Are Term Tests Necessary?

Teachers believe term tests are beneficial but many students disagree. (Graphic/Kristyn Dentremont)

Courses at Walpole High School have units that culminate into chapter quizzes and unit tests, yet some courses—including in the science department—have tests on multiple units at the end of the term. Term tests should be abolished as they do not detect a student’s learning comprehension, rather they detect how well a person can study. 

Some teachers utilize term tests to make sure students remember material from unit to unit, but this is not necessary because the material that students need to remember will be utilized on a daily basis. There is no need to test them to make them remember. Additionally, unit tests should already tie in relevant concepts together, so term tests are just not necessary. For example, for math, each unit builds upon the next where a unit five test includes factoring from unit three. Term tests are about having another grade rather than the learning of material since all the material has already been tested on. 

Because students have already been tested on all of the material in a term test, the class has not gone over the material since prior in the term. Therefore, if a student has done poorly on one of the unit tests, there has not been a class opportunity to relearn the material or ask questions. That means a student would have to stay after to ask questions or answer questions on their own. If a student does poorly on a unit test, that proves they do not fully understand the material and will more than likely continue not to understand the material for the term test.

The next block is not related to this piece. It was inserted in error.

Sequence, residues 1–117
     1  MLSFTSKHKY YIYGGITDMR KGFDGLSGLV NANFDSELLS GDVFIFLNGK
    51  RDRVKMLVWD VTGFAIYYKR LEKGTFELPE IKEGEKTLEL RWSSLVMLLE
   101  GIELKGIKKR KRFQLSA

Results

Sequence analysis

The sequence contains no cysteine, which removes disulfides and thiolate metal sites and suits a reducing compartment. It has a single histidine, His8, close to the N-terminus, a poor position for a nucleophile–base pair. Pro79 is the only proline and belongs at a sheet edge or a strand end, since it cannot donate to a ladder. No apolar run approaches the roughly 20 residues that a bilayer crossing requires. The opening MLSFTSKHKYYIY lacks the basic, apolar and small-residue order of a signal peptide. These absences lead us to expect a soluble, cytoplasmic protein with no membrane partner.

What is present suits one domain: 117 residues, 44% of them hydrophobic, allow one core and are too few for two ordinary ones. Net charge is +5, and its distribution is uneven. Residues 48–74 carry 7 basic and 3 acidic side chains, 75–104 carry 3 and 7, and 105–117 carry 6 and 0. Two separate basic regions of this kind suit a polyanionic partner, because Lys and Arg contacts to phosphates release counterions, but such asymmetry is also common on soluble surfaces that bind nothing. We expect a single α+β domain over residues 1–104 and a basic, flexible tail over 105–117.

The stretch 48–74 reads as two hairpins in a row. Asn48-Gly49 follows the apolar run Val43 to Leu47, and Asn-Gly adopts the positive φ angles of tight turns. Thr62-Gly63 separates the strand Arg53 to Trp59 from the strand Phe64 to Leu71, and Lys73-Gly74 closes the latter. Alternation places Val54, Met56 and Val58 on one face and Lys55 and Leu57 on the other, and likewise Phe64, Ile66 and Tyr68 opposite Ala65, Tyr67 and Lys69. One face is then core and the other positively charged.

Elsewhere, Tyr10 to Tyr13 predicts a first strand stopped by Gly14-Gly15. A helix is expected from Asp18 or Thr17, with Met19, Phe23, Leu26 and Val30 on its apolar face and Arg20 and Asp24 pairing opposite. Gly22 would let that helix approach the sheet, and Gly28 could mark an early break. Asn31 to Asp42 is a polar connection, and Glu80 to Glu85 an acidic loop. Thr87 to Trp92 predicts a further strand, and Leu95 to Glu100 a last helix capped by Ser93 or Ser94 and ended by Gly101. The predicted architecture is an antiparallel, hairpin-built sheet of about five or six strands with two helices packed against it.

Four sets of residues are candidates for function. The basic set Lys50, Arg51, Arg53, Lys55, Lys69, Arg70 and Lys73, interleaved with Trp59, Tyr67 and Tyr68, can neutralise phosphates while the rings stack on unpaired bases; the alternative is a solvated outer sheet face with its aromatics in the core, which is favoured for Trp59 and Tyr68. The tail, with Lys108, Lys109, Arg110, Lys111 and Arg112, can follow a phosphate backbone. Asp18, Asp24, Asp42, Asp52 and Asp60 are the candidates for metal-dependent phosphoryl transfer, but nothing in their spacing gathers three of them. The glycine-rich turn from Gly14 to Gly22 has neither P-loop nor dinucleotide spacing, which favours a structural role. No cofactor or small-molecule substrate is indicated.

Oftentimes, a student does not even know what he or she got wrong on the unit test before taking the term test because of the narrow amount of time. Teachers tend to not spend a lot of time between a unit test and a term test because both run towards the end of the term, therefore time for teachers to grade unit tests and get them back to students is limited. The time crunch sets students up for failure because if they do not know what they got wrong, there is no way for them to even ask questions and they will likely answer the same way on the term test. Also, the limited time between tests means that students are cramming the material into their minds over a couple of days because they are busy preparing for a unit test and learning the current material that they do not have time to go back to the curriculum and study for several days.

The worst part about term tests is that most teachers have policies that result in the students with A’s in the class or who received A’s on all their summative assignments do not have to take the term test. Teachers punish those who do not test well or fully understand the material by giving them another test that could result in a lower grade. Whether the teacher believes the test will benefit or bring down grades, they should give the test to everyone so that their grades are proportionate.